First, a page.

Jerusalem is a city divided, but you wouldn’t know it from the transport system. Since Israel annexed the city after the 1967 Arab-Israeli War, the government has employed various forms of urban planning and architectural practice to ensure that its control will never be ceded. Simple urban planning initiatives solidify Israel’s grip on the city to create permanent facts on the ground.
The approach has worked, and the new Jerusalem light-rail transit network is a case in point.Under the hawkish leadership of mayor Nir Barakat, the Jerusalem light-rail network, outfitted with special rock-resistant glass that protects against infrequent rock throwing attacks by Palestinian youths, began gliding through the streets of the holy city in late 2011.
From Mount Herzl, where the father of political Zionism Theodor Herzl is buried, to Beit Hanina, a large Palestinian neighbourhood perched in the eastern ridges of the city, the light-rail network has impossibly blurred the political lines between East and West Jerusalem. There are no indications of borders when you ride the light rail. East Jerusalem, the location of a Palestinian capital according to the Oslo Accords, is nothing but another neighbourhood. Train lines have an uncanny ability to physically bind places together; when Turkey invaded Cyprus in 1974, many of the national train lines that connected the island were destroyed. They have yet to be rebuilt.
The largest public infrastructure initiative in the history of Jerusalem, the light-rail project took more than 20 years to complete.
One recent day, as the mid-summer sun beat down on the golden walls of the Old City, the tram platform outside of the Damascus Gate station was busy with an eclectic mix of tourists, Palestinians and Orthodox Jews. As if in suspended animation, members of Jerusalem’s multi-faceted tapestry of ethnic groups could all be found quietly making their way around the city on the tram. Announcements are made in a combination of Arabic, Hebrew and English, while an equal mix of the languages can be heard in the spacious tramcars. The light rail cuts a straight line through some of the most contested neighbourhoods in Jerusalem. An Israeli settler living in the mega-settlement of Pisgat Zeev, on Jerusalem’s eastern flank, can pop on the light rail and be in downtown West Jerusalem in 20 minutes for the cost of about US$1.75 (Dh6). Never before have Israeli settlers in East Jerusalem experienced such ease of travel to the western part of the city.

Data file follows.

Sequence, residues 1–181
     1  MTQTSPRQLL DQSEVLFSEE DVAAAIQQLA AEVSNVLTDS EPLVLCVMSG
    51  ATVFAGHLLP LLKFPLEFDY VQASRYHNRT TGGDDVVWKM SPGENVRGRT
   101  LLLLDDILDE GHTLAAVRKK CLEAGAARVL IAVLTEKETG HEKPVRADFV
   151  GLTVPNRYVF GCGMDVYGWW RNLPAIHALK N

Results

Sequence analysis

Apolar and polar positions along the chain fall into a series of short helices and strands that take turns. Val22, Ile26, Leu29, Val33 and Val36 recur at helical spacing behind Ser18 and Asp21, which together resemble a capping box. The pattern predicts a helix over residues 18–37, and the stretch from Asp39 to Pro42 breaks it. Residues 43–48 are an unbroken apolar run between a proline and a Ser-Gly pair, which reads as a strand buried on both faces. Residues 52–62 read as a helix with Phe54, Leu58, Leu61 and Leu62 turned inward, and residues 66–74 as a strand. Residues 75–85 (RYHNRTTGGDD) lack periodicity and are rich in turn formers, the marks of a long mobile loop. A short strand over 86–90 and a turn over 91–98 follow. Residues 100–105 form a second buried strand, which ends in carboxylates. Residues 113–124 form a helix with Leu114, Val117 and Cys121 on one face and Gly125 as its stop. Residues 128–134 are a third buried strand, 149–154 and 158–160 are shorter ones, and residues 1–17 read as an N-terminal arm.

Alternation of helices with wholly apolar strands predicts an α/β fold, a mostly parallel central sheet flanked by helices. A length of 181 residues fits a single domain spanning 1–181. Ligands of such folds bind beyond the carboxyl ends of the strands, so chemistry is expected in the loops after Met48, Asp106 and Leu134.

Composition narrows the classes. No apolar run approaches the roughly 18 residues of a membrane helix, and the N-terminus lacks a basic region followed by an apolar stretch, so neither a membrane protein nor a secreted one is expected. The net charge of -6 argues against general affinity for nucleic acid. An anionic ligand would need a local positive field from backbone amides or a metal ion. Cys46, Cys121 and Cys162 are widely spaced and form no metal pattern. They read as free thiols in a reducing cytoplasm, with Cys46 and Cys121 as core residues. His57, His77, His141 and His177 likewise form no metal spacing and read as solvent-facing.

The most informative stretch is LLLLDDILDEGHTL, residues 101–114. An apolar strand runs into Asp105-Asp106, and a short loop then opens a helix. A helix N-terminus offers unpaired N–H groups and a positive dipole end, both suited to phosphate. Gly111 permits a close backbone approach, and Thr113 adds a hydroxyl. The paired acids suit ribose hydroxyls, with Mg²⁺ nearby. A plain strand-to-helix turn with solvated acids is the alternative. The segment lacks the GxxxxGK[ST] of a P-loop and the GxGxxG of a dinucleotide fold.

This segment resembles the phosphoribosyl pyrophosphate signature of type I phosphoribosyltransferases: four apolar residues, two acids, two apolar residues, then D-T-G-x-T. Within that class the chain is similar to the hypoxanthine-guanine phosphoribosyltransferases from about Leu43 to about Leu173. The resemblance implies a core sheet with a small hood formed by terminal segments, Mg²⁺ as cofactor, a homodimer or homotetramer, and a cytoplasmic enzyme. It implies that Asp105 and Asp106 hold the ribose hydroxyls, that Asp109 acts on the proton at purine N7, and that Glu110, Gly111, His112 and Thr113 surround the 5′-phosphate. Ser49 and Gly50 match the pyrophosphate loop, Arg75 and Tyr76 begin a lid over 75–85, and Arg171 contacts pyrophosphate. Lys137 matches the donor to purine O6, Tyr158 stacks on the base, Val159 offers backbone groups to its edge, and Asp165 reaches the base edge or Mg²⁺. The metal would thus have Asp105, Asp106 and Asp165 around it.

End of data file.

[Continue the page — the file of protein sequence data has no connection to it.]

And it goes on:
Likewise, Palestinians have embraced the light rail, albeit for strictly practical reasons. With a station at the Damascus Gate of the Old City – the heart of Palestinian East Jerusalem – people living in distant neighbourhoods have incorporated the light rail into their daily commute.
But not everyone thinks the light rail is a good thing for Jerusalem. Many of the Israeli security guards that patrol all of the tram stations, wearing oversized tan collared shirts that barely conceal the firearms they carry, see the tram line as unnatural.
“The light rail is a disaster. If there is a technical problem, the entire city shuts down,” says David, a security guard at the Damascus Gate tram station. In between quick updates in Hebrew through a walkie-talkie to other guards, he continues: “The real problem is the mixing of Palestinians and Israelis. Before the tram, Palestinians would take their buses and Israelis would take theirs. It was more natural.”
Israel’s use of urban planning and architectural practice to entrench its control over Jerusalem and the entirety of the West Bank has been defined by one goal – the siphoning off of as much Palestinian land as possible. The more settlements and light rails the country builds, the more a two-state solution to solve the conflict becomes impossible.
The ultimate by-product of this insatiable desire for land is total control and responsibility over all the Palestinians who live between the Mediterranean Sea and Jordan river. Regardless of the inevitable solution that will end the conflict between Israel and the Palestinians, the legacy of urban planning will be one of the most difficult to mend.
When US Secretary of State John Kerry announced in July 2013 the resumption of Israeli-Palestinian peace talks after a three-year absence, he was not thinking about the Jerusalem light rail. He was likely not thinking about the legacy of Israel’s use of architecture and urban planning in entrenching the conflict he has been tasked to solve. From “separation walls” to “barriers” to “road blocks” and “sterile areas”, Israel’s occupation is defined by architecture.
The picture is radical in its simplicity. Palestinians have been corralled into small urban areas and given nominal security control to the Palestinian Authority. The majority of the West Bank, however, falls under Israeli military and civilian control. Israeli settlements of varying sizes encircle Palestinian urban areas while Palestinian villages close to Israeli settlements have been subject to a campaign of intimidation, whether through physical violence or the use of draconian legal measures aimed at driving the villagers off their land and into urban areas. Walls, barriers and checkpoints ensure movement is strictly controlled by the Israeli military.
The basis for this system of control is the Oslo Accords. Signed between Israel and the Palestine Liberation Organisation 20 years ago this week, the agreement gave way to interim self-government called the Palestinian Authority and divided the landlocked West Bank into three sectors: Areas A, B and C. With various restrictions, Palestinians were given control over Area A, or about 18 per cent of the West Bank’s 5,628 square kilometres. The rest of the West Bank came under shared Israeli-Palestinian control or sole Israeli control, with 61 per cent falling into the latter category. Today, more than half of West Bank Palestinians live on the 18 per cent of land controlled by Palestinian officials.
Jerusalem, the centre point of Palestinian national identity, has been all but cut off from the West Bank. The city, slated to be a shared capital, according to the Oslo parameters, has been annexed to Israel and encircled by a ring of Israeli settlements, checkpoints and walls. The light rail is the latest measure designed to ensure Israeli spatial control through transportation.